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In a related story, on April 11 a national campaign to secure equal Social Security benefits for same-sex couples kicked-off at the Los Angeles Gay and Lesbian Center. Currently, a surviving spouse in a same-sex relationship cannot receive Social Security survivor benefits because the federal govenment does not recognize same-sex relationships. At the kick-off rally, Representatives Loretta Sanchez (D-Lakewood) and Judy Chu (D-El Monte) announced that they would sponsor legislation to equalize Social Security survivor benefits for gay couples.

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Three gay couples sue California's public pension fund and the IRS to challenge the exclusion of same-sex spouses from long-term health coverage available to hetereosexual spouses and other family members of state workers.

Judge Orders Equal Treatment for Gay Employee

November 20, 2009

The chief judge of the federal appeals court in San Francisco ordered the Obama administration to allow a lesbian employee of the court to enroll her wife in a family health insurance plan. Chief Judge Alex Kozinski also ordered the federal Office of Personnel Management to reimburse Karen Golinski, a staff attorney with the court for 17 years, for insurance coverage that she has paid for independently since she applied for the federal coverage in September 2008. 

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The day before Judge Kozinski's order, another judge ordered the government to pay a federal public defender in Los Angeles for the cost of buying insurance for his husband because the federal government will not provide spousal benefits for the gay couple.

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The Office of Personnel Management cited the federal "Defense of Marriage Act" as the reason for denying same-sex couples benefits allowed to heterosexual couples. The Obama administration has criticized the Act, but Attorney General Eric Holder has said that his office must defend the Act as long as it is law. 

A judge ordered the federal government to stop resisting his order to provide a lesbian court employee the same family health coverage as other employees.

Dismissal of Lesbian and Gay Military Personnel

Nearly twenty years before the federal government's "Don't Ask, Don't Tell" policy, a brave woman challenged her discharge from the navy, which was based solely on her sexual orientation.


City Lights Reading

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November 11, 2009

Listen to a podcast from historic City Lights Bookstore in San Francisco, where Elaine Elinson and Stan Yogi read from Wherever There's a Fight.


Proposition 8 Declared Unconstitutional

February 7, 2012

In a historic decision, the Ninth Circuit Court of Appeals upheld a lower court judgment and ruled 2-1 that Proposition 8, the 2008 voter initiative prohibiting same-sex marriages, violates the federal constitution's guarantee of equal protection under the law.

The decision did not define a Constitutional right for same-sex couples to marry, but rather focused on the disparate treatment of gay couples. The opinion, written by Judge Stephen Reinhardt, stated that there was no legitimate reason to treat same-sex couples differently.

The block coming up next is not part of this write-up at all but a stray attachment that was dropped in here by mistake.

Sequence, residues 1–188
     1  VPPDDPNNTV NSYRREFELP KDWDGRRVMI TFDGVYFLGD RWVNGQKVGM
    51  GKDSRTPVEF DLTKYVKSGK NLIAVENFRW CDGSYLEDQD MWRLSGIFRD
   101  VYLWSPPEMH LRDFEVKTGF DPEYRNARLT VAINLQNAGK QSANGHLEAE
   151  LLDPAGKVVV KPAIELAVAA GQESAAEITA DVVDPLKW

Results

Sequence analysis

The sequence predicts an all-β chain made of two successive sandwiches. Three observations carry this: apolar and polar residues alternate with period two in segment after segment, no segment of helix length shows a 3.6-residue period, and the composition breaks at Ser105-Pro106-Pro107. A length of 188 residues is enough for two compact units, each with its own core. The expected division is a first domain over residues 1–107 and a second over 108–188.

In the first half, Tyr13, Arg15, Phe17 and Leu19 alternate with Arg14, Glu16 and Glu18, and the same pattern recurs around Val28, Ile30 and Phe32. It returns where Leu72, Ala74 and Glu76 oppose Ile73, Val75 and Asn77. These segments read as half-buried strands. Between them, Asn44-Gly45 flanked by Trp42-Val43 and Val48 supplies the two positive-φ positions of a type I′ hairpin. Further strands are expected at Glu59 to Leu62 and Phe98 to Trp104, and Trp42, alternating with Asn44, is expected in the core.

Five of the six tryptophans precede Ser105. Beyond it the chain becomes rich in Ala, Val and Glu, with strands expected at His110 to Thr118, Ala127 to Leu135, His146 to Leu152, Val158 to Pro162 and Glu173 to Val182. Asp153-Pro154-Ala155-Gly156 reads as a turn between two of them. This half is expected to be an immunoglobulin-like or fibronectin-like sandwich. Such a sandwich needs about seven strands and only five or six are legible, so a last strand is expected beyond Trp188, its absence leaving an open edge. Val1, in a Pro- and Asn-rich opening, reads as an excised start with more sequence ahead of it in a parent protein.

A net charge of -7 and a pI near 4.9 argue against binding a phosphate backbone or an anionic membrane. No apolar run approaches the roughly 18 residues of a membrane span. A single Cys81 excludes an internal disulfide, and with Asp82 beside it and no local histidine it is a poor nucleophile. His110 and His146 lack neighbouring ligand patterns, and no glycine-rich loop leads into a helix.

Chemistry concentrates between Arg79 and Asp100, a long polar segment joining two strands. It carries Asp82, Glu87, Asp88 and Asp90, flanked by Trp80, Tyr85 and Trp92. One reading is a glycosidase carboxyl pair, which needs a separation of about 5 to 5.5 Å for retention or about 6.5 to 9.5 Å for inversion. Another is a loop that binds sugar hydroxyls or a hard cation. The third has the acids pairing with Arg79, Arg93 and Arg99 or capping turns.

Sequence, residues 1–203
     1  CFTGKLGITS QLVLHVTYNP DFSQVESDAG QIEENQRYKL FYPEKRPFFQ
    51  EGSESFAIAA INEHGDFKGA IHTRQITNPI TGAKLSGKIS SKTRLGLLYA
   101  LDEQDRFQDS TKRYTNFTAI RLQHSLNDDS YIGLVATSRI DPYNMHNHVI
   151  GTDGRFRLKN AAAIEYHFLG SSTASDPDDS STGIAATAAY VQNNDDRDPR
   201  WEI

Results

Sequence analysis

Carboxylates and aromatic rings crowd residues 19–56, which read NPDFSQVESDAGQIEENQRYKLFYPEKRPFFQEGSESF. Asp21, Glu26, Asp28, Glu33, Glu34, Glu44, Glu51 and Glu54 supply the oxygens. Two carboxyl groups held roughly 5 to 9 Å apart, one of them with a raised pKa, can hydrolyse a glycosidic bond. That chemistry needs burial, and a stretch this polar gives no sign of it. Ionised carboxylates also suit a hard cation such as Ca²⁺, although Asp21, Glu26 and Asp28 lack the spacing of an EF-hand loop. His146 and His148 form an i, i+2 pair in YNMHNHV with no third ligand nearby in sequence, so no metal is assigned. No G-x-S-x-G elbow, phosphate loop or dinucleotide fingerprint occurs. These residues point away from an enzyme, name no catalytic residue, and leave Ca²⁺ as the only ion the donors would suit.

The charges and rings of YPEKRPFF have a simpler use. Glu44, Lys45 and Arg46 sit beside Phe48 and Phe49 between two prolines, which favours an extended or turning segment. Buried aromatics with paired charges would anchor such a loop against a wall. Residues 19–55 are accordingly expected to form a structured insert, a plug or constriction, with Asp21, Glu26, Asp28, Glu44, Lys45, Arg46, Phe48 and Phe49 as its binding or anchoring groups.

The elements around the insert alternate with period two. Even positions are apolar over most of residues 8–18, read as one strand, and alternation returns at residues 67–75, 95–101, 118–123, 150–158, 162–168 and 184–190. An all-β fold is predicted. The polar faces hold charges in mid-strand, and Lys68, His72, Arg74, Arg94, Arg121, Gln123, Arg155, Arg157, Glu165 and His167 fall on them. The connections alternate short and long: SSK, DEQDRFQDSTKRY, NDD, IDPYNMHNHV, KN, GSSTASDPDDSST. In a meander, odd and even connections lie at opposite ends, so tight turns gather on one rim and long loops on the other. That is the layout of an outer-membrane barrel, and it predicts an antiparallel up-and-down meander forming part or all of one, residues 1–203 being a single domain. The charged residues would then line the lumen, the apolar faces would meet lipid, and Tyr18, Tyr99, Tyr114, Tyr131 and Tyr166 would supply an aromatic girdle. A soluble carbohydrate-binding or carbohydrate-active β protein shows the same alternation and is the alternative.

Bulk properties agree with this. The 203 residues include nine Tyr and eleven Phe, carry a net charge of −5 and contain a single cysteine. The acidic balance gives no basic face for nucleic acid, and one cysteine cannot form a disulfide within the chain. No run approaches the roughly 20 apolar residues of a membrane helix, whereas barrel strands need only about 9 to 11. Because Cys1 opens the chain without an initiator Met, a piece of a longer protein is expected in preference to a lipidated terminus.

The 89-page majority opinion rejected as unsubstantiated the major arguments offered by proponents of Proposition 8--that banning same-sex marriages encourages and protects heterosexual marriages and protects children.

"Proposition 8 serves no purpose, and has no effect, other than to lessen the status and human dignity of gay men and lesbians in California," Reinhardt wrote. 

The ruling applies only to California. As such, legal observers believe it is less likely for the United States Supreme Court to take the case on appeal, or if it does, to issue a sweeping ruling.

The ban on same-sex marriages in California remains in effect while the Ninth Circuit's ruling is appealed.

Court of Appeals rules that the ballot initiative barring same-sex marriages violates equal protection rights.

Appeals Court Hears Proposition 8 Arguments

December 7, 2010

On December 6, a three-judge panel of the Ninth Circuit Court of Appeals heard arguments in a challenge to the August ruling of Chief U.S. District Judge Vaughn Walker, who ruled that Proposition 8 violates the federal constitution.

During the 2 1/2 hour hearing, which was televised nationally on C-SPAN, the judges asked questions and heard arguments regarding two major issues:  (1) the procedural question of whether proponents of Proposition 8 have the legal right or "standing" to appeal Judge Walker's ruling, and  (2) the fundamental question of whether Proposition 8 is unconstitutional.

The panel's most conservative member, Judge N. Randy Smith, and its most liberal, Judge Stephen Reinhardt, seemed concerned that Governor Schwarzenegger and Attorney General Brown refused to defend the initiative.  Judge Reinhardt said that the panel could ask the state supreme court for an opinion on whether state law allows an initiative's proponents to defend a measure in court if state officials refuse to do so.

On the substantive question of whether Proposition 8 is unconstitutional, the panel of judges suggested that they may not issue a broad ruling addressing that question but would instead hand down a limited decision.

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Ninth Circuit Court of Appeals judges explore routes to a narrow ruling in litigation challenging the same-sex marriage ban.